Note that you need not wait until you find yourself having to navigate a tricky channel to practice your eyeball navigation skills. In fact, my husband, Dave, and I often point out shoals to each other to help keep ourselves sharp, even if they are well out of the channel. You can also try to spot shallow spots that are shown on your chart as you sail by them, even if they are nowhere near your rhumb line. If, for example, you see there is a straight line of 3-foot soundings on your chart (as in a spoils area along the ICW) try looking for it and identifying where it begins and where it ends. Similarly, you can practice spotting the channel in areas where you know there is a great change in depth right outside the channel. By honing these skills, you will ensure you have the skills to safely sail in those uncharted areas that often have the best anchorages. 

As you are practicing your eye ball navigation, you’ll soon notice that shallow water is typically much easier to identify when the sun is behind you, preferably over your shoulder. 

You may also notice that it’s sometimes possible to spot shoals by watching the shape of the water. Waves get steeper and break when the water becomes too shallow to support them, so if you see a spot where the water is heaping up and sometimes breaking, you know it is shallower there. We sometimes use this technique to get into shallow anchorages along the ICW when the sun is not right. We wait for a powerboat to go by and then watch for where its wake breaks. That’s where the shoal is.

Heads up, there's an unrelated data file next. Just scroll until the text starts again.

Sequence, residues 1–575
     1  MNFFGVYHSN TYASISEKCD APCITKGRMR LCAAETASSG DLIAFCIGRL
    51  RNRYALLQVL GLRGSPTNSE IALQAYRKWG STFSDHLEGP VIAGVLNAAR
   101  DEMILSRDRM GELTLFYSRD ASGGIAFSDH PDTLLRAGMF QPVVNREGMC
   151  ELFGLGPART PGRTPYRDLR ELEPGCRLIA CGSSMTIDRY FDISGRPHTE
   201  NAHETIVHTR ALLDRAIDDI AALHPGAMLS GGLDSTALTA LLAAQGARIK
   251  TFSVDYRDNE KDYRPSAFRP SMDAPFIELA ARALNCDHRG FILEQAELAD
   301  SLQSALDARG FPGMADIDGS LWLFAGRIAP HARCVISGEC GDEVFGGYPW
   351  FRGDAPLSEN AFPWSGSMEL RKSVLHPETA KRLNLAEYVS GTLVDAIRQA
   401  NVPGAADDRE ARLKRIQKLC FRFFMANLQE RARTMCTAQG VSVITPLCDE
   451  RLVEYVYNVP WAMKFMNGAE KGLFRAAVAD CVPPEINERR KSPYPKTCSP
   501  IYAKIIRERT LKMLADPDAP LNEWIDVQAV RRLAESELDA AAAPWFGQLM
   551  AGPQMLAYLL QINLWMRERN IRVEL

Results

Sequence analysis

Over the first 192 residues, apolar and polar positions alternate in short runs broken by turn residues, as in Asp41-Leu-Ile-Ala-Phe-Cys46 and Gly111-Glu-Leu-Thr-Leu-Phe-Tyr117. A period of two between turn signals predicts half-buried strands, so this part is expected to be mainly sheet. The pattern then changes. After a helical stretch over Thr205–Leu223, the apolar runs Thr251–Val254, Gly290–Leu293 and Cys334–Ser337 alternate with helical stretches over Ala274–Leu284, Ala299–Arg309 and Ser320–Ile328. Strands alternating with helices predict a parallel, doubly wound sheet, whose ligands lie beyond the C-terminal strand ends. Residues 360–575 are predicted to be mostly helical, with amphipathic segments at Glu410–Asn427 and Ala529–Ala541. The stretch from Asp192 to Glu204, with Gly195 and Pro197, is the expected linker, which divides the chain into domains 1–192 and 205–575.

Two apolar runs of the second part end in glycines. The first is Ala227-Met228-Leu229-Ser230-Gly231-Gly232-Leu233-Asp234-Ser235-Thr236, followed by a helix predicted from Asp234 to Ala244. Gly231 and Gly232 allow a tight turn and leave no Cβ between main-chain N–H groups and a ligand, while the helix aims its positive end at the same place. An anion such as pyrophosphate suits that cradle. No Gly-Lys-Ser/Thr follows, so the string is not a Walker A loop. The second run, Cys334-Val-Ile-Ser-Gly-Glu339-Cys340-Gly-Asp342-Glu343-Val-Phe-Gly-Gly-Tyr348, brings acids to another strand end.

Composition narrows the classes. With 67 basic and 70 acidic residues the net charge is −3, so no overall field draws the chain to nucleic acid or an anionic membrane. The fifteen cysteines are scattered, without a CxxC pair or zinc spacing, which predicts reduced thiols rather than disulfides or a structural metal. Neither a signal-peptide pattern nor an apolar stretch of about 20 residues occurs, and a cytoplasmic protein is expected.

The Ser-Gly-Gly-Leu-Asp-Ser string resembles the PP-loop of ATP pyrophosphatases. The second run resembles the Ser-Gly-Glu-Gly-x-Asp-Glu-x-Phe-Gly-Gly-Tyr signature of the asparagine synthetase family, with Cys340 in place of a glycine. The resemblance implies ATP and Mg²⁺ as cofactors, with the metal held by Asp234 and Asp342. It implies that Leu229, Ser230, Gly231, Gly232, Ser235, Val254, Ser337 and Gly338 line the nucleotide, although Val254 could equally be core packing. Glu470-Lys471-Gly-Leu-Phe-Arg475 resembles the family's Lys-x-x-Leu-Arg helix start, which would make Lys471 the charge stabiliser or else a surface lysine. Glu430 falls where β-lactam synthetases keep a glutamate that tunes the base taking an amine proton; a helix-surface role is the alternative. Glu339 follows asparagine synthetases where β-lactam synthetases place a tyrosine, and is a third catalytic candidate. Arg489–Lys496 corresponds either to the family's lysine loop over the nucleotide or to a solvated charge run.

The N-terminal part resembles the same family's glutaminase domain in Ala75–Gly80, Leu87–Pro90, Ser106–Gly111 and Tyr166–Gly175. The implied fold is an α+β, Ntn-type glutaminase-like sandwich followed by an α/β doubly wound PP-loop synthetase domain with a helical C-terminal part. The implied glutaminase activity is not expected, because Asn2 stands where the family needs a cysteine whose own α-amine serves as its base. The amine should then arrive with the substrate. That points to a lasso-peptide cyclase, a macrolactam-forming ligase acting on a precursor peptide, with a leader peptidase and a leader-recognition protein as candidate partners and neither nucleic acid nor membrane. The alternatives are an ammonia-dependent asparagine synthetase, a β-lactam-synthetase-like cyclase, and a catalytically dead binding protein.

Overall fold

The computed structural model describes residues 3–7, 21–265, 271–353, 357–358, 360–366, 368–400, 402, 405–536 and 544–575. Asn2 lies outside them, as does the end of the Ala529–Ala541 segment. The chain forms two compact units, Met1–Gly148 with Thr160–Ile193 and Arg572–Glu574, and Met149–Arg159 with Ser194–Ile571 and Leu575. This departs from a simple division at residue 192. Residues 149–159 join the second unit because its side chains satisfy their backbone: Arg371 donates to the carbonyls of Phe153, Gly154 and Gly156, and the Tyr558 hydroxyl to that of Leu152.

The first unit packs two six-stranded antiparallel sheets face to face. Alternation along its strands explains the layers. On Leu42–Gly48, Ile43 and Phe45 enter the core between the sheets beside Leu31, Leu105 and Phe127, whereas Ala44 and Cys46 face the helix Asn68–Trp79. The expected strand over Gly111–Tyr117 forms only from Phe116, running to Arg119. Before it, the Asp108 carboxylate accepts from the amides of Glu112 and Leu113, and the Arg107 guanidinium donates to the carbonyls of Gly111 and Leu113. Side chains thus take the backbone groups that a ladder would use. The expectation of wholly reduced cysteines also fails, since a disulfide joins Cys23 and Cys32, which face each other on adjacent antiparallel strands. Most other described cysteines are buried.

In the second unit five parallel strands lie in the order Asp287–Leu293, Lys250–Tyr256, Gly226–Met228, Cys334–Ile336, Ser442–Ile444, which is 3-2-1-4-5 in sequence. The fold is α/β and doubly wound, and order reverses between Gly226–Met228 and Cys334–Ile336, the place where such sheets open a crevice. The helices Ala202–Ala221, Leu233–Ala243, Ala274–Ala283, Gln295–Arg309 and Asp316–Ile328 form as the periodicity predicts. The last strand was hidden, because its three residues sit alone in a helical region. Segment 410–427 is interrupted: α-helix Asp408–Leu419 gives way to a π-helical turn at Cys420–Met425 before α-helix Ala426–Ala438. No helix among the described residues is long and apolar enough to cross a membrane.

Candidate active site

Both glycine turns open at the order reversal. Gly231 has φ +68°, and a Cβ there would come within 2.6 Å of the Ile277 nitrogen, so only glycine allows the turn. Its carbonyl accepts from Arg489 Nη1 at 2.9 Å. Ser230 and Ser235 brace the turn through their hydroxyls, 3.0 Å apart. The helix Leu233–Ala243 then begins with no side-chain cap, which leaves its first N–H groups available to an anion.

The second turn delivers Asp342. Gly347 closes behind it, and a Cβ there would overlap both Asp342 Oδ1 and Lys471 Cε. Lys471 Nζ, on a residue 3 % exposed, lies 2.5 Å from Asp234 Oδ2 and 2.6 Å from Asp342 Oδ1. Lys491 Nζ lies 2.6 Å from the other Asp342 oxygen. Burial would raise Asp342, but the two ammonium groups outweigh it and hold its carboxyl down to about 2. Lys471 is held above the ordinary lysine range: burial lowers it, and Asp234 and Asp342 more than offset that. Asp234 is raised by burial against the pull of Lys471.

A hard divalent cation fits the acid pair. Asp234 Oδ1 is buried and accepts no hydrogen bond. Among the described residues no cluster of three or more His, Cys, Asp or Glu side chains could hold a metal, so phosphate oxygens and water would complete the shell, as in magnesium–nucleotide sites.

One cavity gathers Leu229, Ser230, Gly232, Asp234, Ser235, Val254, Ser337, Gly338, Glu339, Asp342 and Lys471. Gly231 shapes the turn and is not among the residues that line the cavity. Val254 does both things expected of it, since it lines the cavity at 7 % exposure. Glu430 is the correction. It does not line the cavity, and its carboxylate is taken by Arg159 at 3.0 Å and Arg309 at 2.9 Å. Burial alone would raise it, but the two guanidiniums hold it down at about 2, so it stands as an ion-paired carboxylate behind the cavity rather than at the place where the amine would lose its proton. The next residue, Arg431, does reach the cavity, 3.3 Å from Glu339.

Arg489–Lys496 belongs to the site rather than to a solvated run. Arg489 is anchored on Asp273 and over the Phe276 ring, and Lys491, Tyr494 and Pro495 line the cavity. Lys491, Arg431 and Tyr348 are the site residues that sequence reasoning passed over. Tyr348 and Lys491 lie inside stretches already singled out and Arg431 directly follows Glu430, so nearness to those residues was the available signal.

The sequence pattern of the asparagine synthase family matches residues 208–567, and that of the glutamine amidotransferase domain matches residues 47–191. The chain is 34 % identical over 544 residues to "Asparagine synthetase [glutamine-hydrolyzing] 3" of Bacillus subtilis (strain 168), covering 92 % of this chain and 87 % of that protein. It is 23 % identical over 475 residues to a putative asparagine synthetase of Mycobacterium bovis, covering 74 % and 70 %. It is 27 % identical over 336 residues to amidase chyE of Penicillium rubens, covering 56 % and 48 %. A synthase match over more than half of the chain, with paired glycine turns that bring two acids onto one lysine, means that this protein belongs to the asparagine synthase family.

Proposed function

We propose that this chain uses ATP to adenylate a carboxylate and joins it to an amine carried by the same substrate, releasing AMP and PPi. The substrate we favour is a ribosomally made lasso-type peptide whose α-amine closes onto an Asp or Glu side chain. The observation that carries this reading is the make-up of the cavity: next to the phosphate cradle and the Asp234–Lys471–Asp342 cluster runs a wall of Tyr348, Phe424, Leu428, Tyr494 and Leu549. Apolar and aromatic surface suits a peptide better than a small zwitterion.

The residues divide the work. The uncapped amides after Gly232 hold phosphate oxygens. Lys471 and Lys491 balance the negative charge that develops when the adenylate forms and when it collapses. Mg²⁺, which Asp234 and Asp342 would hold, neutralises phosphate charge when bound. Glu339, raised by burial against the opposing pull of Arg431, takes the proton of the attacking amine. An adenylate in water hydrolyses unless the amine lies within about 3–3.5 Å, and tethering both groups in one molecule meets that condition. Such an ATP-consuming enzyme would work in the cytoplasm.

Then there are the birds. Long before we started cruising, Dave was a mate on a sportfish boat. The owner one day asked him, “See those birds standing over there?” 

“Yeah.”

“Birds can’t stand on water. It’s a shoal.”

Since then we have always kept an eye out for birds “standing” where they shouldn’t. Even if there is no shoal, the birds are standing on something—a stake or maybe an old piling just below the surface of the water—and you don’t want to be there.  

 


 

Connie McBride and her husband, Dave, currently cruise aboard Walkure,
a wood-epoxy Bolger AS-29 sharpie built in 2005.
Follow Connie’s blog at simplysailingonline.com